Graphs in Digital Marketing Optimization
Digital marketing optimization is both big business and a big data, exploiting the whole arsenal of machine learning and big data engineering. Still, on a UI and conceptual level data visualization remains crucial for one’s understanding towards tuning touch-points. Sankey diagrams, if shaped appropriately, compellingly enact the interaction flow and bring forward the crux of your digital marketing. We demonstrate how the yFiles diagramming library can articulate this and help you to implement your own vibrant marketing visualization.
Once upon a time, all roads were leading to Rome. Today Rome is still a popular holiday destination, and many roads - not all - lead to it. Many roads lead elsewhere, and unless you have Rome as your destination, you can end up pretty much anywhere in the world. Imagine, for a moment, that for your yearly holiday you would not decide about your destination in advance, where would you end up? You would not end up in a random place because your preferences define every next step, let’s say based on your cultural or culinary preferences. At each step, you make a choice, and this directs you towards some city or point of interest. Let’s presume Rome is the ultimate destination considering your preferences, how would you be able to end up in Rome without consciously deciding to go there (or even knowing about it)? Without any intermediate pointers, hints, or references to Rome, you would never get there. Clues and enticing elements need to point you towards it. This does not mean you would travel via the most optimal roads or series of intermediate cities. In fact, you can end up somewhere completely different if the clues are not positioned well, and the directive elements do not seduce you. Tourism is in a way precisely this: giving people lots of hints and hoping they buy it.
Imagine you need a new car, how do you proceed? You have some preference, a budget, and some ideas. Visiting a vendor’s website is a good move, of course. How many pages of the site will you visit? If the website is well-designed and answers well your questions, you will dig deeper and potentially ask for an offer. In marketing terms, the website should guide you towards a key-page where you get converted. Conversion, in this sense, can be many things: downloading a white-paper, buying something, sending a mail, signing up and so on.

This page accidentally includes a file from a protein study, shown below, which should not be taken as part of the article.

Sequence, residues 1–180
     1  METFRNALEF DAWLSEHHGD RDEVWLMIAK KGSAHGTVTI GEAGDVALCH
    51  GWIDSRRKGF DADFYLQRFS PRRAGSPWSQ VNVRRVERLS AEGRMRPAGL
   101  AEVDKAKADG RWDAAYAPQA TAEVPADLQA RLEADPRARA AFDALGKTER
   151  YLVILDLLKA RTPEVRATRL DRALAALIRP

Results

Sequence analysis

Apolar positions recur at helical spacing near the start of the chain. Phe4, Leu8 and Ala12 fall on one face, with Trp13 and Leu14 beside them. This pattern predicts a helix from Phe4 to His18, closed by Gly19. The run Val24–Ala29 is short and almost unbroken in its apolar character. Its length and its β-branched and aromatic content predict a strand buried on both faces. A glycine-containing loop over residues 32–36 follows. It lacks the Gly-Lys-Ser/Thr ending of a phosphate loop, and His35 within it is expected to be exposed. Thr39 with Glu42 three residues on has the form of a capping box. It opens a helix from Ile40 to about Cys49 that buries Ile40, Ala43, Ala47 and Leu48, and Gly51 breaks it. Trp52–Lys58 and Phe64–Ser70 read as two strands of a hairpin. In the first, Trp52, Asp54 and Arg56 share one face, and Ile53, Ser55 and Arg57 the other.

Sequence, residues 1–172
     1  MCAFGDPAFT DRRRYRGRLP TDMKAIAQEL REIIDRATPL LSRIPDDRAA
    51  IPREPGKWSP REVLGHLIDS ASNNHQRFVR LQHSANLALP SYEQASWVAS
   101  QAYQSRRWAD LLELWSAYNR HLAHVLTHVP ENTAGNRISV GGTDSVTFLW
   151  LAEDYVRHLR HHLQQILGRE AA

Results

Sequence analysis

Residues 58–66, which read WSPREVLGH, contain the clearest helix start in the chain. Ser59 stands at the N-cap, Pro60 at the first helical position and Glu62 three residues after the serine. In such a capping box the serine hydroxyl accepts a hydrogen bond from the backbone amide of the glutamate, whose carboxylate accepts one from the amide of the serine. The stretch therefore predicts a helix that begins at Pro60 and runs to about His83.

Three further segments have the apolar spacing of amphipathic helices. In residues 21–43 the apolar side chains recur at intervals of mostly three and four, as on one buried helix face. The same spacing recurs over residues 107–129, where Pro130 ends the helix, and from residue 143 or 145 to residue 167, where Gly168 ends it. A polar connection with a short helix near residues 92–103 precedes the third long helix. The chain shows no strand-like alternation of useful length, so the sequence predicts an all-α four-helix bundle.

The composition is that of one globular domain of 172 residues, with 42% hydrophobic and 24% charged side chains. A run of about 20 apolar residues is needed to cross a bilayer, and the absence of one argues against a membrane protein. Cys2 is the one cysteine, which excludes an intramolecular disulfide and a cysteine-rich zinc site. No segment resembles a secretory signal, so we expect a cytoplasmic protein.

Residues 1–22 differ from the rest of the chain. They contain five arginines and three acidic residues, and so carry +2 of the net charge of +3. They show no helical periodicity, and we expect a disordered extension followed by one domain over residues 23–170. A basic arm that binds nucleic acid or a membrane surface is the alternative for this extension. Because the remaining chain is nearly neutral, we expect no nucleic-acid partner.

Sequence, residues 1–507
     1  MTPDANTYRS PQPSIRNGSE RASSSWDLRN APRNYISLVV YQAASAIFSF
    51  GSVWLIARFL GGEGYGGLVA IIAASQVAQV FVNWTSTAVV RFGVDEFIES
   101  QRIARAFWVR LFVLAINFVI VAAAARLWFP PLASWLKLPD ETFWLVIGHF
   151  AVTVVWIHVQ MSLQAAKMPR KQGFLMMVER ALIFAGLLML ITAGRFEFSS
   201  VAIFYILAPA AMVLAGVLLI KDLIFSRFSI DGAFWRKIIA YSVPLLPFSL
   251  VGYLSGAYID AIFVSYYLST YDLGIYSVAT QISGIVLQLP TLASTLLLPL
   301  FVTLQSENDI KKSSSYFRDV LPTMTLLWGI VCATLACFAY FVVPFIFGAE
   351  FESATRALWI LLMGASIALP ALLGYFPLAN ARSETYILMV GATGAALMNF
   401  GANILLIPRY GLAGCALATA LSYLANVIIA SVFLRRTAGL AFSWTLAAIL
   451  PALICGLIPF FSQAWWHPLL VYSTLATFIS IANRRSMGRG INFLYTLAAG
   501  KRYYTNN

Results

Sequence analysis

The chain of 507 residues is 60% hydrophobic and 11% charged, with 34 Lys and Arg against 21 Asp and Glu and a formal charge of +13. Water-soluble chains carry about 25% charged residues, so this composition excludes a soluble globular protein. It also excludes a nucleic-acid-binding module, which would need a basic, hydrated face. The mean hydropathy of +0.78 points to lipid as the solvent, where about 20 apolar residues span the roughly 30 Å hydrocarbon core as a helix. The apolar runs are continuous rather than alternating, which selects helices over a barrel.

In many cases, conversion means buying. A good e-commerce website manages to guide you via intermediate pages and links towards conversion: special promotions, banners, shouting hyperlinks, pretty picture, etc., anything and everything to make you buy the product. The destination is 'buying', and the intermediate clues are all there to entice you towards the conversion. Just like our example of Rome above, you initially did not decide to get converted (by landing somewhere on the website), but the site pushed you in that direction. Digital marketing optimization is all about converting visitors and finding the right clues and hints to do so.
Let’s focus on buying a digital product via a website. The analogy with roads and cities is valid in the following sense:
Cities are web pages, and there is a particular series of pages called the 'check-out process.' There may be a single or multiple pages, but visitors are only effectively converted when they have pressed the 'commit' or 'confirm' button.
Hyperlinks, buttons, and other elements leading to another page are direction signs along the roads. In marketing terms, one speaks of touchpoints: something the user interacts with on the way to conversion.
A path consists of a series of intermediate pages or parts of a page.
Optimal conversion corresponds to the most efficient road towards a city. In a way, your GPS gives you the optimal conversion from where you stand to your destination.